Temporal and sequence classification is an automatic system that assigns one of the predefined classes to the time series or sequence input. Many temporal classifications have been introduced that reuse traditional classification algorithms in terms of criteria and measurements crafted for temporal data. Three main methods exist for classifying temporal data set: distance-based, feature extraction-based and model-based ^{1}.
Wang et al. ^{2} proposed a rule-based classification method for categorical and high-dimensional data sets that rely on calculating frequent item sets using frequent pattern mining and association rules, then using the highest confidence sets covering rules for grouping according to rule heads (class labels). This method has been found to result in an efficient and accurate rule-based classifier, but it might produce a very large number of rules, as they are extracted from association mining, which might be hard for humans to follow and comprehend. Moreover, to create the frequent item test, it is required to have training data sets, which might be expensive and labour intensive to acquire and deploy.
It is possible to use traditional classification algorithms (non-temporal) to classify temporal data set by using distance measures specially designed to evaluate distances in a temporal data set. Many temporal supervised and unsupervised algorithms use dynamic time warping (DTW) ^{3} to align between two sequences or time series and find the distance between them. This method was originally used in speech recognition to identify human speech patterns ^{4}.
Dynamic time wrapping tries to find the best match between two time series to calculate the smallest distance between them, unlike Euclidean distance, which uses the one-to-one mapping between the same time points regardless of any time shift. Figure below compares these two distance measures. Dynamic time wrapping creates wrapping matrix which consists of Euclidean distances between every two points in both time series; then a local cost function finds the shortest path between two time series that represents the best match. Dynamic time wrapping has been implemented successfully in numerous temporal classification and clustering methods, but it has a drawback in using heuristic methods, which are inefficient due to searching for the best path in the wrapping matrix ^{5}. The wrapping matrix and time wrapping distance between two time serris are shown in Figure below.
Distance-based K-Nearest Neighbours classification method (KNN) is used with temporal and sequential data with Euclidean distance measure ^{6}. However, for complex time series, Euclidean distance is sensitive to the time fluctuation; thus DTW has been used ^{7}. Figure below illustrates temporal KNN operation.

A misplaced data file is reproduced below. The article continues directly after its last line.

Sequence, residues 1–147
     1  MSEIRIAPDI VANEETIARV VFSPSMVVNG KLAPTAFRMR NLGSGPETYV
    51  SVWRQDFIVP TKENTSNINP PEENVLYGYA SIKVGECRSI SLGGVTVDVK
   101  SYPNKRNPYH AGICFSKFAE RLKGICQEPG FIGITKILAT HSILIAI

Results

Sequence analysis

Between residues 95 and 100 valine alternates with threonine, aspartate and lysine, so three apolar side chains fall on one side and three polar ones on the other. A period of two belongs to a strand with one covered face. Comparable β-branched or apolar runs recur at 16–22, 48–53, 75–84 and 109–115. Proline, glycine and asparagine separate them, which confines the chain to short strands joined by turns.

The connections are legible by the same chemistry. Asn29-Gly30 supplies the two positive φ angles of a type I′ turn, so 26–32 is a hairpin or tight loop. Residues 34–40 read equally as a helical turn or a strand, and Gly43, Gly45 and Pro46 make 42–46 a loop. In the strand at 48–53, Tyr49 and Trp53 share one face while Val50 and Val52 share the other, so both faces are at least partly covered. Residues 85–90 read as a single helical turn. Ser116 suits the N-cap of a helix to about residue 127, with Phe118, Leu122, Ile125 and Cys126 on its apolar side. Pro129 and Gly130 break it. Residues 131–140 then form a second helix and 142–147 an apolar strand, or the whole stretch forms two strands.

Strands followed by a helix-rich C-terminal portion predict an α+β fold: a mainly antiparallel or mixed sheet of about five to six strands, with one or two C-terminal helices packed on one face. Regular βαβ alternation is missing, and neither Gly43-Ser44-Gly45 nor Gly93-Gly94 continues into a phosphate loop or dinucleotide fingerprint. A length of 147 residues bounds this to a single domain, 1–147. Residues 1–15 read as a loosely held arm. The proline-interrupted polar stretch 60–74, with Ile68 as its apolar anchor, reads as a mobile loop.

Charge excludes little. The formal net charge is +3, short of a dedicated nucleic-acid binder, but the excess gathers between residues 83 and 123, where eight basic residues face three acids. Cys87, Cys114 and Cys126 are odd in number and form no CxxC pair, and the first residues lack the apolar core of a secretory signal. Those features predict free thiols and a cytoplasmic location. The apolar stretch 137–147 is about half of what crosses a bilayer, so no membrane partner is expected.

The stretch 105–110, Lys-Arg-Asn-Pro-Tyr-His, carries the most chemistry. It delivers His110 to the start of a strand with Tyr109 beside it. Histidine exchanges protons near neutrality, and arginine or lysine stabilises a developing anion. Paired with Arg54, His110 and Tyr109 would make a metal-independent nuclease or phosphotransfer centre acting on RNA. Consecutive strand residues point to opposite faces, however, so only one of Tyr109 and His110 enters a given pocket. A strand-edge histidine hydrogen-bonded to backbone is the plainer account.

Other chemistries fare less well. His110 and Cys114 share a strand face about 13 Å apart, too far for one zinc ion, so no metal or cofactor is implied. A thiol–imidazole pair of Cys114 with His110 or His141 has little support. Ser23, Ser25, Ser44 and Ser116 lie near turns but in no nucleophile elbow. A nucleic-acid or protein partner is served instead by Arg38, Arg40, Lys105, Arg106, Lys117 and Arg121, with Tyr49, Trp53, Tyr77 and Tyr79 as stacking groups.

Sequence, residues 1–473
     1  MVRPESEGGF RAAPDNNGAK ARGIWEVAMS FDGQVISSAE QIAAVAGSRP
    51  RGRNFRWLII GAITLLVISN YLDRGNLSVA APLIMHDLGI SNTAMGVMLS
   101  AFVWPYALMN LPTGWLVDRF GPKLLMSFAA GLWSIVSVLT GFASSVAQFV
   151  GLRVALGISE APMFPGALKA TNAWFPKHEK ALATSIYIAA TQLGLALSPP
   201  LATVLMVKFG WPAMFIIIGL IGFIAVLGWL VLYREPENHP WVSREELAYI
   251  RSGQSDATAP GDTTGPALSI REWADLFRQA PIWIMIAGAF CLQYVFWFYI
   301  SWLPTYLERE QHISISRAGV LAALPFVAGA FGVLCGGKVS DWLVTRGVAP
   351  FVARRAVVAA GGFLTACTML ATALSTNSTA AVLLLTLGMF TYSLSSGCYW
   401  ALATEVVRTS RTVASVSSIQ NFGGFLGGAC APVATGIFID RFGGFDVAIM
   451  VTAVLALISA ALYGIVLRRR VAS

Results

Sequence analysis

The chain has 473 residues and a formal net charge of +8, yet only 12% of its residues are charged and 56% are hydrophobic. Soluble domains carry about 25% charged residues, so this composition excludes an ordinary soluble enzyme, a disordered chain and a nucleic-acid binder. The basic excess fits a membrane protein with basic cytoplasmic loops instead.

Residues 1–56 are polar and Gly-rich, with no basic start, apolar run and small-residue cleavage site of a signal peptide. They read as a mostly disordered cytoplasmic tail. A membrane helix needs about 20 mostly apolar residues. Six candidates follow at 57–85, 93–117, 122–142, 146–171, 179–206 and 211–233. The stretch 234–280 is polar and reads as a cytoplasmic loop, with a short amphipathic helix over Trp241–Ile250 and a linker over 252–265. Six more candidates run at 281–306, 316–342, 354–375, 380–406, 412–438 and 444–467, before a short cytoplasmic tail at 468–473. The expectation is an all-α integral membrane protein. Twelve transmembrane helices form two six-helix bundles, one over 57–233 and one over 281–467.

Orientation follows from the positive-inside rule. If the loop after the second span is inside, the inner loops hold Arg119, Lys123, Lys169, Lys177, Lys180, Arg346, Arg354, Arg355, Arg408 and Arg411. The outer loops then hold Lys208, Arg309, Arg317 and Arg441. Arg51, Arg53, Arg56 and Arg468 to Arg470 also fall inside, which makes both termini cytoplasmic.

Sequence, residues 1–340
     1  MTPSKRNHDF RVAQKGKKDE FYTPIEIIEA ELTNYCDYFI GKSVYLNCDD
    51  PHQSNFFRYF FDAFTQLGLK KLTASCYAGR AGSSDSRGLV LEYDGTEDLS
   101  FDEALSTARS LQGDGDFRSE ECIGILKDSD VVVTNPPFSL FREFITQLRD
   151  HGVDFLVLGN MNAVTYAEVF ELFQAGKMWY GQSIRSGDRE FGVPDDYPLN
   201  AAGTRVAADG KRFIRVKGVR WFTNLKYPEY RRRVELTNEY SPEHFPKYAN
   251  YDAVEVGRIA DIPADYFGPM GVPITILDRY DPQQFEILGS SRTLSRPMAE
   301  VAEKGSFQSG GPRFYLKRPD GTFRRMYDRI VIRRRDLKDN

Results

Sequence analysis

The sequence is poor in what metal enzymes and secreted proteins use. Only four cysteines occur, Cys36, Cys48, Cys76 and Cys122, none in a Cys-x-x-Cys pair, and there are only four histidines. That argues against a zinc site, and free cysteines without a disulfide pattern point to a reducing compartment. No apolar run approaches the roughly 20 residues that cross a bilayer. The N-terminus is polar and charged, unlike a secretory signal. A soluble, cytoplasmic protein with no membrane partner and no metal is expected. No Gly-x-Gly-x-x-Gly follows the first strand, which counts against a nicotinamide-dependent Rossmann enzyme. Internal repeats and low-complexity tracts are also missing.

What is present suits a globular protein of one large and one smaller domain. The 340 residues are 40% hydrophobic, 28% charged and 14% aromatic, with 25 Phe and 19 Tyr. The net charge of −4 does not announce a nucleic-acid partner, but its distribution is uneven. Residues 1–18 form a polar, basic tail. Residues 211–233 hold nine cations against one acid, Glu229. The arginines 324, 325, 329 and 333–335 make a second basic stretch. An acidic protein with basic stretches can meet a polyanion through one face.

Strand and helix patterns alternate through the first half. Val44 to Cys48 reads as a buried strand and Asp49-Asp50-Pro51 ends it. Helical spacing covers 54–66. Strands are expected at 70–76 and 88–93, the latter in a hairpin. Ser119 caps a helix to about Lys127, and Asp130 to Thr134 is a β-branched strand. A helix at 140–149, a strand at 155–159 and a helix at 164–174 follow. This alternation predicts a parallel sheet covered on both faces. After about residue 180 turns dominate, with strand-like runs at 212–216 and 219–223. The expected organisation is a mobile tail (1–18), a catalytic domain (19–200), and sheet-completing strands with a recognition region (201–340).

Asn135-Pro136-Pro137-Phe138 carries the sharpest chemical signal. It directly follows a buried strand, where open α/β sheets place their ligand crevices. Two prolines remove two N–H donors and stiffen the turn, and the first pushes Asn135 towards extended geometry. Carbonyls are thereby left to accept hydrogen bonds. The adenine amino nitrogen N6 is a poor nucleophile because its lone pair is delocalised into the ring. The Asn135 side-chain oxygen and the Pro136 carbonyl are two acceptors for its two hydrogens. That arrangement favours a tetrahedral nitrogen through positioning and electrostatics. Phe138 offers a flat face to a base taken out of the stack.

It is possible to use feature extraction in order to extract useful features from time series so that it becomes possible to use traditional classification methods to classify temporal data. Agrawal et al. ^{8} proposed the use of the Discrete Fourier Transform (DFT) to transform a sequence from the time domain to the frequency domain. Using DFT allows selection of the most important frequencies then representing them back in the original dimensional space. The DFT has an important property as it can ignore shifts and find similar sequences because the Fourier coefficient is invariant for shifts.
Chan et al. ^{9} used DWT to translate each time series from the time domain into the time/frequency domain. This transformation is linear as it changes the original time series into various frequency components in a lossless transformation. The sequence is then represented by its features, expressed as wavelet coefficients. Only a selected number of coefficients are necessary to represent the original time series, which allows a better and efficient use of the available classification algorithms.
Douzal-Chouakria et al. ^{10} used classification trees to classify time series data by introducing new splits for the tree nodes using time series proximities, relying on adaptive metrics considering behaviours and values. Other methods use SVM as a temporal data classifier using different kernels ^{11}.
Model-based classifiers can also be used for temporal and sequential classifications, like Naive Bayes sequence classifier ^{12} and Hidden Markov Model ^{13}. In the training step, the parameters of the model are created and trained depending on some assumptions, and a set of parameters describing probability distributions. In the classification step, a new sequence is assigned to the class with the best possible similarity ^{14}.
References
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